Born 1986 in Paris, France.Lives and works in Amsterdam, The Netherlands.
Biography & Statement
Defying the boundaries between different artistic disciplines, Mankowski’s work is characterized by an exuberant use of the impasto technique, through which she creates textural and spatial shapes that move her paintings into the realm of sculpture. With the distinction between two-dimensional and three-dimensional work thoroughly dismantled, Mankowski has developed a unique visual language. While her compositions may seem abstract to the casual viewer, they are reminiscent of blueprints and ground maps widely used in architectural design and urban planning. Indeed, many of her paintings are loosely inspired by the ground maps of the quarries she visited during her years as an architect
.Trained at the École Spéciale d’Architecture in Paris, Mankowski worked as an architect alongside Jean Nouvel and Vito Acconci before turning to painting. Her architectural background still resonates strongly in her paintings.
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16 September 2021 - 16 Oct 2021
ROTTERDAM ART WEEK 2023
9-12 February 2023
LUXEMBOURG ART WEEK 2022
10-13 November 2022
The series of works by Natacha Mankowski currently on view at Valerius Gallery takes reference on the old stone quarries of Mount Pentelicus in Greece. Mount Pentelicus (also known as Hades wall / Cave of Nymphs / Cave of Pan) is a mountain in Attica, Greece, situated northeast of Athens. It has been famous for its marble since antiquity. Pentelic marble was used for the construction of buildings in ancient Athens, particularly the Acropolis.In the autumn of 2021, Mankowski spent a few weeks studying and walking the abandoned area with friends.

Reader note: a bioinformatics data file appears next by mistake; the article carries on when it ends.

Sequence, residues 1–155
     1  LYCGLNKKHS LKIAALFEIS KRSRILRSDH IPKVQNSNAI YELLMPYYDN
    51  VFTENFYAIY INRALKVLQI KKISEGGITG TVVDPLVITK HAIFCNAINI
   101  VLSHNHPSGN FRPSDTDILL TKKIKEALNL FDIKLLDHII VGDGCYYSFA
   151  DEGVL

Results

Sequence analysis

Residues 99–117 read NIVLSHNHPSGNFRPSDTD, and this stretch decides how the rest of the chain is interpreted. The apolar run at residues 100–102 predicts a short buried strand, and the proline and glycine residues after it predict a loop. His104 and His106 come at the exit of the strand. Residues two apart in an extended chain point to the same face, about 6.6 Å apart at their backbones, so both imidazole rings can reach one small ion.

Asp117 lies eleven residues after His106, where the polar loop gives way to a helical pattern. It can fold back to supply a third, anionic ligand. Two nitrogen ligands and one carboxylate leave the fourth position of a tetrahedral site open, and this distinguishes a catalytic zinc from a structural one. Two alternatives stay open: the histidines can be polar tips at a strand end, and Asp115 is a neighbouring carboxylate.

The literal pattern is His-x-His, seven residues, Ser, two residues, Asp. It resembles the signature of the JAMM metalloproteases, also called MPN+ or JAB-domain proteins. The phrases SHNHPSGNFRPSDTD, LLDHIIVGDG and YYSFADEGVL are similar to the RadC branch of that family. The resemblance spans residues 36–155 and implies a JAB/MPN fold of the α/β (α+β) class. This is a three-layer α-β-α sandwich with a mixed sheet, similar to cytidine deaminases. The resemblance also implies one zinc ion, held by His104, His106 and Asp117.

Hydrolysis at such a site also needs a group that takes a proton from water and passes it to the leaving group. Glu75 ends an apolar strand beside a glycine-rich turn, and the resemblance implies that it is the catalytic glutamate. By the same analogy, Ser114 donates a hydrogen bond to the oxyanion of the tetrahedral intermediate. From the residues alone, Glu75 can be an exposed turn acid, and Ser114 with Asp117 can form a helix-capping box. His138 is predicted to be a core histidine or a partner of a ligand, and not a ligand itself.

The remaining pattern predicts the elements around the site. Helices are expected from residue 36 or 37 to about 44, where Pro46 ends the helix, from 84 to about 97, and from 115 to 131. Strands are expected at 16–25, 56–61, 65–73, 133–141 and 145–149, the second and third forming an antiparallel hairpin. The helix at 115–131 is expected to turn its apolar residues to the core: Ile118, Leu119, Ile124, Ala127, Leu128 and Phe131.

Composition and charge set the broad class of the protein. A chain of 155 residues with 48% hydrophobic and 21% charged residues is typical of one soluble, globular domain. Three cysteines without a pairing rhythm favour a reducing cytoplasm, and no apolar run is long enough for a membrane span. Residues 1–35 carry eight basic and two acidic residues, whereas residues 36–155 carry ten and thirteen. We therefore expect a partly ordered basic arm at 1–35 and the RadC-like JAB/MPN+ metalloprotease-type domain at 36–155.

The roadway, used to transport marble blocks from the quarry to the Acropolis in Antiquity, is a continual downhill that follows the natural lay of the land. The pentelic marble is white with a uniform, faint yellow tint, which makes it shine with a golden hue under sunlight. Minerals found on site go from calcite (translucent white to gold yellow), clay (light creme/beige), quartz (translucent grey), micas (light silver), iron oxides (rusty red) and graphite (dark silver). These minerals constitute Mankowski's palette - evolving from light golds to colored greys.Between nature and culture - and here even mythology - quarries are at a sensitive equilibrium between overuse and abandon. This brings up the importance of controlling the extraction of marble, to satisfy fundamental needs and not only for the sake of growth. This shows the importance / the aim to reintegrate and inhabit our environment in meaningful ways.
Architects and builders often collect their raw materials in stone quarries. Midway between nature and the built environment, quarries are transitional sites in which natural resources are excavated and turned into raw commodities to be used in buildings. They raise difficult questions about how humans have turned nature into sites for commodification, triggering ecological ruin and collapse. Inspired by these issues, Mankowski has explored and visited many of these quarries, paying close attention to their geographical lay-out and the unique selection of raw materials on site